In 2009, Wenders signed a petition in support of director Roman Polanski, who had been detained while traveling to a film festival in relation to his 1977 sexual abuse charges, which the petition argued would undermine the tradition of film festivals as a place for works to be shown "freely and safely" and argued that arresting filmmakers traveling to neutral countries could open the door to "actions of which no-one can know the effects."[40][41]

From 1979 to 1981, Wenders was married to the American actress and singer-songwriter Ronee Blakely.

Filmography

Films

Feature Films

Year Title Director Writer Producer Notes
1970 Summer in the City Yes Yes Yes First full-length feature film
1972 The Goalkeeper's Fear of the Penalty Yes Yes Yes
1973 The Scarlet Letter Yes Yes Yes
1974 Alice in the Cities Yes Yes Yes First part of Wenders's Road Movie Trilogy
1975 The Wrong Move Yes No Uncredited Second part of Wenders's Road Movie Trilogy
1976 Kings of the Road Yes Yes Yes Third part of Wenders's Road Movie Trilogy
1977 The American Friend Yes Yes Yes
1982 Hammett Yes No No
The State of Things Yes Yes Yes
1984 Paris, Texas Yes No No
1987 Wings of Desire Yes Yes Yes
1991 Until the End of the World Yes Yes Co-producer
1993 Faraway, So Close! Yes Yes Yes Sequel to Wings of Desire
1994 Lisbon Story Yes Yes Yes Partially a sequel to The State of Things
1995 Beyond the Clouds Partial Yes No Director of the prologue, intermissions & epilogue
1997 The End of Violence Yes Yes Yes
2000 The Million Dollar Hotel Yes No Yes
2004 Land of Plenty Yes Yes No
2005 Don't Come Knocking Yes Yes Executive
(uncredited)
2008 Palermo Shooting Yes Yes Yes Dedicated to Ingmar Bergman and Michelangelo Antonioni
2015 Every Thing Will Be Fine Yes No No
2016 The Beautiful Days of Aranjuez Yes Yes No
2017 Submergence Yes No No A romantic thriller tracing Islamic jihadists and exploration in the depth of sea in search of the origin of life[42]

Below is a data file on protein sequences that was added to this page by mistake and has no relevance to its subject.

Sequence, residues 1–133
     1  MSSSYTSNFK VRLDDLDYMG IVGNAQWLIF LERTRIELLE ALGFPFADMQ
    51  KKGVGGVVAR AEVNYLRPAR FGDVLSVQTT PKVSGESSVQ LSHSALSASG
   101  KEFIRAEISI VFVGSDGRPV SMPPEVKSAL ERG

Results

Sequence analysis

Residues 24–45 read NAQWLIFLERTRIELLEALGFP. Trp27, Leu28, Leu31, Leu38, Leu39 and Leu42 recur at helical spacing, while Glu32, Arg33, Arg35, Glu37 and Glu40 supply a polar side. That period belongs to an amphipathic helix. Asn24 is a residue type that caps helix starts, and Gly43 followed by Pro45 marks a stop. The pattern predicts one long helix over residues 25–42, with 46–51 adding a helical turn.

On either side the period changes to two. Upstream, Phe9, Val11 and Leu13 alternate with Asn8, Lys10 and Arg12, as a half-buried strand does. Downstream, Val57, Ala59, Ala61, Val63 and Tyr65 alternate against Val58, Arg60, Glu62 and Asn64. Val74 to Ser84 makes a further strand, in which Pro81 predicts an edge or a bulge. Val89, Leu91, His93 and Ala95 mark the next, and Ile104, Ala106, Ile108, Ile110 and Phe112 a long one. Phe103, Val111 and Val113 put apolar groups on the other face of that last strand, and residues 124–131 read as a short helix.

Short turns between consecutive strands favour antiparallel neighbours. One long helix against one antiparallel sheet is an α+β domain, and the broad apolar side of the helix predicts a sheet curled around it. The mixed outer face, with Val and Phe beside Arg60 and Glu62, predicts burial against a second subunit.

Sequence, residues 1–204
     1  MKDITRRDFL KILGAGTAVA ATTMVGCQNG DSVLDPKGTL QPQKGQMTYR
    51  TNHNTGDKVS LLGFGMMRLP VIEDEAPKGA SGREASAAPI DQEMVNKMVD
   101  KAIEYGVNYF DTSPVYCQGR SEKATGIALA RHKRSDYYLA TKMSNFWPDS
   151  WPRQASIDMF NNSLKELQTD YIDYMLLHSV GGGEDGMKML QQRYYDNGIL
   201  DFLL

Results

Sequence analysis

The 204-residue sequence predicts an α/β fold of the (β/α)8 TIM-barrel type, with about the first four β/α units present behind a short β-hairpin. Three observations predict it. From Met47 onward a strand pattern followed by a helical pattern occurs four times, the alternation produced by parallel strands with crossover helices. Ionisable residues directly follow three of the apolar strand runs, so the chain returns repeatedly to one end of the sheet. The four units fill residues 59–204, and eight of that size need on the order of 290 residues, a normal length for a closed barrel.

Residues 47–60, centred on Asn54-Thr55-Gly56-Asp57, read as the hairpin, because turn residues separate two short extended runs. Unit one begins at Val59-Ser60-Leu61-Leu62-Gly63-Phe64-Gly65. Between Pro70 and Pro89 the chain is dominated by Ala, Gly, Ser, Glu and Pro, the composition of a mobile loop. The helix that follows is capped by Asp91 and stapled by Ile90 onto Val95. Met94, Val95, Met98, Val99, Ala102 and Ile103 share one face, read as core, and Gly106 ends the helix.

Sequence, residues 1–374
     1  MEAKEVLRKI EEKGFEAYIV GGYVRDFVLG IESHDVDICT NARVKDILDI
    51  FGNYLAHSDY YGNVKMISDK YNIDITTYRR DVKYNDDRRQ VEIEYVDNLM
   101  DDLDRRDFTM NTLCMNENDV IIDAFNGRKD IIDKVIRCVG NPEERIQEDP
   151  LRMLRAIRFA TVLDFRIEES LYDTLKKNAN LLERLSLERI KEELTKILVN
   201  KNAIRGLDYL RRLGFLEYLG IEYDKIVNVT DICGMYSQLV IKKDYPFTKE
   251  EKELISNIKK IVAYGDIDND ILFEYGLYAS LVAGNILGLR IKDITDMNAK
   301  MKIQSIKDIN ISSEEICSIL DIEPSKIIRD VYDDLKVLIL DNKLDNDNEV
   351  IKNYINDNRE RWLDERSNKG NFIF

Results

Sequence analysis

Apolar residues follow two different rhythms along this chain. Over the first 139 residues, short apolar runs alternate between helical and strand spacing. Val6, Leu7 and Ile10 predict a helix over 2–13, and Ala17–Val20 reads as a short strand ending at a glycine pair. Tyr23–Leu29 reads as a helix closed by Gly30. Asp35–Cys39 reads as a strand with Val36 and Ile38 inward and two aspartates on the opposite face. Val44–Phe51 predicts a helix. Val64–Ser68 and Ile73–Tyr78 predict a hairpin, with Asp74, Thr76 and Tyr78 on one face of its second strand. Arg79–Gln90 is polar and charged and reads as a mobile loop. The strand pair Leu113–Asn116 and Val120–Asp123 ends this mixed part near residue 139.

2023 Perfect Days Yes Yes Yes Inspired by Japan's unique public toilet culture.[43][44][2]

Short Films

Year Title Director Writer Producer Notes
1967 Scenary' Yes Yes Yes Also cinematographer and editor
1968 Same Player Shoots Again Yes Yes Yes
Blurb Film Yes No No Co-directed with Gerhard Theuring
Victor I. Yes No No
1969 Alabama (2000 Light Years) Yes Yes No Also editor and sound
1992 Arisha, the Bear, and the Stone Ring Yes Yes Yes
1995 Segment 38 Yes No No Segment of the Anthology film Lumière et compagnie
2002 Twelve Miles to Trona Yes Yes No Segment from Ten Minutes Older: The Trumpet
2003 Other Side of the Road Yes No No
2007 War in Peace Yes Yes No Segment of To Each His Own Cinema
2008 Person to Person Yes Yes No Segment of 8
2012 Ver ou Não Ver Yes Yes No Segment of Mundo Invisível
2010 If Buildings Could Talk Yes Yes No Short film shot in 3D part of an exhibition
2015 Two or Three Thoughts on Edward Hopper Yes Yes Yes Short film shot in 3D part of an exhibition
Also executive producer
2019 (E)motion Yes Yes Yes Exhibition based on his film work.

Documentaries

Feature Films

Year Title Director Writer Producer Notes
1980 Lightning Over Water Yes Yes Yes Documentary co-directed by Nicholas Ray
Also editor
1985 Tokyo-Ga Yes Yes Yes Also editor and narrator
1989 Notebook on Cities and Clothes Yes Yes Yes Also cinematographer and narrator
1995 A Trick of Light Yes Yes Yes Also known as The Brothers Skladanowsky
1998 Willie Nelson at the Teatro Yes Yes No
1999 Buena Vista Social Club Yes Yes No
2002 Ode to Cologne: A Rock 'N' Roll Film Yes Yes No Documentary about the rock group BAP
2003 The Soul of a Man Yes Yes No Part of the documentary film series The Blues
2011 Pina Yes Yes Yes Documentary filmed in 3D[45]
2014 The Salt of the Earth Yes Yes Executive Co-directed with Juliano Ribeiro Salgado
2018 Pope Francis: A Man of His Word Yes Yes Yes
2023 Anselm Yes No Yes Documentary filmed in 3D[46][47]

Short Films

Year Title Director Writer Producer Notes
1969 Silver City Revisited Yes Yes Yes Also cinematographer and editor
1982 Reverse Angle Yes Yes Yes Wenders / Coppola dispute during Hammett
2007 Invisible Crimes Yes Yes No Documentary segment of Invisibles